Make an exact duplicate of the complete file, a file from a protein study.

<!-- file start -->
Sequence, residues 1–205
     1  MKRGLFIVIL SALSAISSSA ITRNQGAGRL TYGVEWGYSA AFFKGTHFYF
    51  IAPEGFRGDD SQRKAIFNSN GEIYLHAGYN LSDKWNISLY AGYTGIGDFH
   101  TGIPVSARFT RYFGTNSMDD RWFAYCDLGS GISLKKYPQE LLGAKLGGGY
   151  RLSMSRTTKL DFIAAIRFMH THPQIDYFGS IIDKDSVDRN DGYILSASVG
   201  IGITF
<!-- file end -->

Sequence, residues 1–205
     1  MKRGLFIVIL SALSAISSSA ITRNQGAGRL TYGVEWGYSA AFFKGTHFYF
    51  IAPEGFRGDD SQRKAIFNSN GEIYLHAGYN LSDKWNISLY AGYTGIGDFH
   101  TGIPVSARFT RYFGTNSMDD RWFAYCDLGS GISLKKYPQE LLGAKLGGGY
   151  RLSMSRTTKL DFIAAIRFMH THPQIDYFGS IIDKDSVDRN DGYILSASVG
   201  IGITF